Lake Ballard glimmers pinkly at the sky. For most of the year, the surface of the lake is not water, but salt. It’s just one of a series of relict water features dating back to the Cretaceous, when Australia was part of Gondwana. The drainage ran south-east through Lake Marmion and Lake Rebecca, and then towards the Eucla Basin, once an inland sea. Now, after millions of years of declining rainfall, the water evaporates before it runs away, leaving behind the salts from aeons upon aeons of rain.
The lake is Wongatha country, and part of the Seven Sisters dreaming. This ancient tale has epic implications, being told across a large swathe of Australia. The seven young women escape unwanted male attention by launching themselves up into the sky to join the stars.
Now the lake is peopled with the art of another culture. In 2003 British artist Anthony Gormley created a stunning installation by scattering statues across the lake. At the core of the artscape is a small conical outcrop, the eldest of the Seven Sisters in local lore.
Rather than being an imposition on the landscape, the sculptures seem to enhance our awareness of the sanctity of cultural space. This was just Gormley’s intention:
“… they stand still and isolated in a remote and silent place; they have links, in the mind’s eye, with peoples and places hundreds of miles and thousands of years away. But between them, Aboriginal and European together – they stand on many kinds of land, in all kinds of history, with various and rival stories. As you look at them and imagine their voices, perhaps you will hear both conflict and reconciliation”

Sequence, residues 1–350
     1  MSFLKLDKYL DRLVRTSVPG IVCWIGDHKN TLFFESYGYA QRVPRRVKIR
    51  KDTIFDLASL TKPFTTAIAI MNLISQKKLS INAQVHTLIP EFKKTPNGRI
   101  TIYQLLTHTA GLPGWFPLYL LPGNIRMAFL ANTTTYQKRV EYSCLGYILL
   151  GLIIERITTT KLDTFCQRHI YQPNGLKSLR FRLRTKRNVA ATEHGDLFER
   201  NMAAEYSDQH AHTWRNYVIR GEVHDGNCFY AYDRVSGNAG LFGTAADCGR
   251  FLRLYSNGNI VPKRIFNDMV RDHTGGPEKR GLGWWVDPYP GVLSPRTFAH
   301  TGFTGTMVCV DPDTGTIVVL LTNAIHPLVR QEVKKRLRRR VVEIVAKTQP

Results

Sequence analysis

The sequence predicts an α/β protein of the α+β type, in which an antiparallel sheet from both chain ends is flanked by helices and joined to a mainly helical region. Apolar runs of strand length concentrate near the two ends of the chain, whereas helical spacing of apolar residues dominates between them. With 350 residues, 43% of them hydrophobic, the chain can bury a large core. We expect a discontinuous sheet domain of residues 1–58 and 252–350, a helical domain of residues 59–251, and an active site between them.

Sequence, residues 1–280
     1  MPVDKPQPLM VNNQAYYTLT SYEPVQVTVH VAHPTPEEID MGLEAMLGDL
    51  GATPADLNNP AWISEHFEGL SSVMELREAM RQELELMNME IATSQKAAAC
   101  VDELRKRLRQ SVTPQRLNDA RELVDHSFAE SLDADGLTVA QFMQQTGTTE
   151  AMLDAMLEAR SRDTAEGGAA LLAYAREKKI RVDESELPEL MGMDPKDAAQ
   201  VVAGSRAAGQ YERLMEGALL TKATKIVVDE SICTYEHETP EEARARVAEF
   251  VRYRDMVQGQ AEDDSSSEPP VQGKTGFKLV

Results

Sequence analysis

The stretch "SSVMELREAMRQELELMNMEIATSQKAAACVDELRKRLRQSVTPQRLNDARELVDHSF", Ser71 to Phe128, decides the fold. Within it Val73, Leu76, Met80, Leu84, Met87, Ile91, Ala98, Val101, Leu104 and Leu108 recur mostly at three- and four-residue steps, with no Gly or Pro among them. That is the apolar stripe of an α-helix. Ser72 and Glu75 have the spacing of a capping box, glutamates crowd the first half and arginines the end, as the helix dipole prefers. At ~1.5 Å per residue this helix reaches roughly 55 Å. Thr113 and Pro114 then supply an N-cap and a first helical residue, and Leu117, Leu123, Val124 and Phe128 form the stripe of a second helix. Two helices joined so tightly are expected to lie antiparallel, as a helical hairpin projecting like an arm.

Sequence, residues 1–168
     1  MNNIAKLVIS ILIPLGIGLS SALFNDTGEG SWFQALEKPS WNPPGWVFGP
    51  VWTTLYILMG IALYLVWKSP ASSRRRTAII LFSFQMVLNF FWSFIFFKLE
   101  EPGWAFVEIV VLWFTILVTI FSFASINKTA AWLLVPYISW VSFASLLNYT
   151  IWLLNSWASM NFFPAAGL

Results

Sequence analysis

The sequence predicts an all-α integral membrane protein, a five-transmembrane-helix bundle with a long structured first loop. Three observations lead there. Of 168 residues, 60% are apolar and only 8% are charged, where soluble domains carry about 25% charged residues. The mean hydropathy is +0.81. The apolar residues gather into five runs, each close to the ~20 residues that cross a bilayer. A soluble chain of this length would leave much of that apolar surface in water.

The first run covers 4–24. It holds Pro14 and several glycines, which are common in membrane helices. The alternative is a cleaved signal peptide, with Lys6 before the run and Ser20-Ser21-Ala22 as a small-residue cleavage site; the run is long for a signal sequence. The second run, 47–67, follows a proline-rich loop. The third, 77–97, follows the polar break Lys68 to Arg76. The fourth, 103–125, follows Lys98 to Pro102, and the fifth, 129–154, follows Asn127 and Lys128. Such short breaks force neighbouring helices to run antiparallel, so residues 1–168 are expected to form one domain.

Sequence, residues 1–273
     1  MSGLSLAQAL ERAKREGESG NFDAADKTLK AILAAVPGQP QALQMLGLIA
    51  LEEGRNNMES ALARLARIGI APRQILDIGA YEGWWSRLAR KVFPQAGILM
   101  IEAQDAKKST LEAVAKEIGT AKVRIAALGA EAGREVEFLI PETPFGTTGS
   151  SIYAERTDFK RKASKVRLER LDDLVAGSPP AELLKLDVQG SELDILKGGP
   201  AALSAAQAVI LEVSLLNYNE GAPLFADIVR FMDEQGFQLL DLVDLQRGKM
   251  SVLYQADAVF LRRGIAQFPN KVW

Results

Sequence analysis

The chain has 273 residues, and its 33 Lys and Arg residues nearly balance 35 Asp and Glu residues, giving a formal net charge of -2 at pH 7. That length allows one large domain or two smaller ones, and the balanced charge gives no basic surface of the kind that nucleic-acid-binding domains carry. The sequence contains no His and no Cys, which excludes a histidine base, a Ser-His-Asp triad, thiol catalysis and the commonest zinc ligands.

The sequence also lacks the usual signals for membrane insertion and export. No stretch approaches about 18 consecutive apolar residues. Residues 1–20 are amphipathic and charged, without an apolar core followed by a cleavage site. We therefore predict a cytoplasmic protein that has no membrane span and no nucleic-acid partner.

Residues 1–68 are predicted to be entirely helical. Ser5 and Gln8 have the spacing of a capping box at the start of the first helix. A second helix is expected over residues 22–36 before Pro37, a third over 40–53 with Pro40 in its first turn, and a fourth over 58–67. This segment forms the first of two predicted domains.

I was lucky. There just happened to be a conjunction of the full Moon, Jupiter, and Saturn on the night I camped at Lake Ballard. The brightness of the stars was dimmed by the lunar light, but the three planets beaming out from Capricorn more than made up for that. The night exalted itself with light, and the sense of my own small, human experience grew to fit the amphitheatre of time and space. While standing on the lake with all that salt gleaming back at the sky, it didn’t feel like such an impossibility to fly up and join the stars.
But I couldn’t help feel saddened by the jarring note of visitor impact. There’s undeniable wear and tear on the fabric of the hill from so many admirers climbing to the summit. Some even tear away her cloak of rocks to graffiti their names upon the salty surface of the lake’s skin.
Prior to the creation of the statues, Paddy Walker, a senior custodian, met with Gormley. He shared the story of the Seven Sisters in his own Ngulutjara language and gave his permission for the sculptures to be placed on the lake, but made this request:
‘… everything had to be the same when it was all over as it is now. Nothing can be changed or damaged.’
Walker and Gormley have both invited us in to share the spiritualising experience of Lake Ballard: please tread lightly upon its beautiful starscape dreamings.
“Stillness and silence. And what we have to do is make stillness and silence count. Make a body that in a way is like death; willingly go to the place of death and inertia, and then be released into the other side. That’s what I’m interested in.” …..Anthony Gormley
Quotes from Hugh Brody’s 2005 article ‘Inside Lake Ballard.’ Available on Gormleys website.
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Article and images by Jinni Wilson